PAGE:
Should I go limited?
I speak to a lot of sole traders and partnerships who are reluctant - perhaps even scared - of setting up a limited company. But is it something you should avoid or embrace?
Everything’s a balance in business. Do you put your prices up and risk losing the odd client? Do you put your money into a new store front or staff training? And what about sole trader vs limited company?
Answering that last point is very much a question of balancing the pros and cons – they’re different for every person – but in general, there’s little to fear from becoming a limited company and potentially lots to gain.
So why do so many people feel it’s a conversation they don’t want to have?
I speak with lots of business owners and sooner or later the issue of limited status comes up. For many, the fact it hasn’t come up sooner is simply a matter of awareness. They didn’t realise there was another way to operate beyond their current sole trader or partnership status. Perhaps they never sought advice. Perhaps being a director sounds big and scary and complicated and they’d rather live without all that.
It's true that as a company director (the role you take on when you launch a limited company) there are legal responsibilities and stiff penalties for getting it wrong, although the scope for getting things wrong as an SME are pretty slim as long as you’re not actively trying to get up to no good. It’s also true that as a limited company you’ll have a few minor startup costs and your accounts will cost more – although not massively so, and the costs should be easily offset by benefits elsewhere.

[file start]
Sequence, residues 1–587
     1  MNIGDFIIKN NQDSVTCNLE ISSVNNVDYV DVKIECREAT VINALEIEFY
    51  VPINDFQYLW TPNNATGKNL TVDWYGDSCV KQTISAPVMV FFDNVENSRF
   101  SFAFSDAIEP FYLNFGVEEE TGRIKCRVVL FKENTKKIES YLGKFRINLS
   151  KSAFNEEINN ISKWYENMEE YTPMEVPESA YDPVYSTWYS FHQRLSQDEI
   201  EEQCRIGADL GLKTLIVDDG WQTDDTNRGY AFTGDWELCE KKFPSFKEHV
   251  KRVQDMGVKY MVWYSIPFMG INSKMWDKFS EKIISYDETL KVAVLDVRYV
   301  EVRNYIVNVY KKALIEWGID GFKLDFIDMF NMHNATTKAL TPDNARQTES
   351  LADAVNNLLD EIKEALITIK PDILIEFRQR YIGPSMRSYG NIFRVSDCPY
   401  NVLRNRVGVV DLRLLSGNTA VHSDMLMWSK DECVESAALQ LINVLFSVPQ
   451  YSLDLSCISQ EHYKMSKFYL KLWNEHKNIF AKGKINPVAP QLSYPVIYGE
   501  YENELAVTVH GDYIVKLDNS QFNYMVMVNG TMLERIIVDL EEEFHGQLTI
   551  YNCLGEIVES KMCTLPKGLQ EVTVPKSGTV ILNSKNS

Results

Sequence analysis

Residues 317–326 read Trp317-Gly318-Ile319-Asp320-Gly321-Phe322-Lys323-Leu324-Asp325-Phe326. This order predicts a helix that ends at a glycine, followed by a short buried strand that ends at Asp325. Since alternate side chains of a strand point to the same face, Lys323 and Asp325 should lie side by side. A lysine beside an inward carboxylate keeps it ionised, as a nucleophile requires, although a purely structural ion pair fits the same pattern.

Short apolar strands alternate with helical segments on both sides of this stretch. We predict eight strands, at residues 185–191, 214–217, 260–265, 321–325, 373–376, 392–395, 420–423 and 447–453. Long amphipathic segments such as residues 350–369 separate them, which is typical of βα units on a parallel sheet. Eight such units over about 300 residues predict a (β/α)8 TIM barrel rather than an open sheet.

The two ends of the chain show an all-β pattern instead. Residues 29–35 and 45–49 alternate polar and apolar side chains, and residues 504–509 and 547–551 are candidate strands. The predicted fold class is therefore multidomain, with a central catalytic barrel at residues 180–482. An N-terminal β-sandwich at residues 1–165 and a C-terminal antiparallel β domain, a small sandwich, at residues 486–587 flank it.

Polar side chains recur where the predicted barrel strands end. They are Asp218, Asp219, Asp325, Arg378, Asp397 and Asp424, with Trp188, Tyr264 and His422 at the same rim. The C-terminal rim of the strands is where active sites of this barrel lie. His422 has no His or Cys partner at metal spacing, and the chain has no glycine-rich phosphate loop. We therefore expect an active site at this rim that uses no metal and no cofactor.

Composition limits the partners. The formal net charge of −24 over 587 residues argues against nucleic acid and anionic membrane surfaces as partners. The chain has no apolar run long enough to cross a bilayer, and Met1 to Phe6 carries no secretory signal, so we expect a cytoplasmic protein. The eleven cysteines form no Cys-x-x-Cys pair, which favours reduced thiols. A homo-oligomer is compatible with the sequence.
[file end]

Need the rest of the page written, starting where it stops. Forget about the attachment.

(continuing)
If you can get over the mental hurdle of imagining yourself as a director, there are plenty of benefits to incorporating your company.
5 benefits of becoming a limited company
1. Pay less tax
The way you pay tax changes when you’re a director. First the company is taxed on its profits (the current rate for Corporation Tax is 19%, less than the personal rate). Then you can choose to take a smaller salary and top up your pay in dividends. The first £2,000 in dividends is tax free (and is in addition to your personal allowance) and you don’t pay National Insurance contributions on dividends.
Unless your turnover is under £25,000 you’re likely to pay less tax and NI as a limited company than as a sole trader. And even if your turnover is below £25,000 there may be reasons why it’s still worth considering. If you’d like to know how the sums would add up for you, talk to us.
2. Limit liability
If you encounter a rocky patch as a sole trader, you are responsible for any debts you build up. As a company, and assuming no fraud or other irregularity has taken place, you’re not personally liable. ‘Limited liability’ means a company stays responsible for its debts, not the people within it.
Practically, that could be the difference between losing your home if you can’t pay debts as a sole trader, and keeping it.
3. Access funding
You’re ready to grow and you need some investment to help move things along. What you’re likely to find as you research the pros and cons of angel investors, bank finance, enterprise grants et al, is that you’ll need to be a limited company to take advantage of most of them.
4. Issue shares
As a limited company you can issue various classes of shares. Shareholders take a stake in the company in return (usually) for investing in the business, and you can then use the money you raise to invest for the future or pay down debt.
5. Protect your name
Part of the process of launching your limited company is registering it with Companies House. Once done, no one can register another company with the same or similar name.
Let’s have a chat about the difference becoming a limited company could make to you. Talk to us now.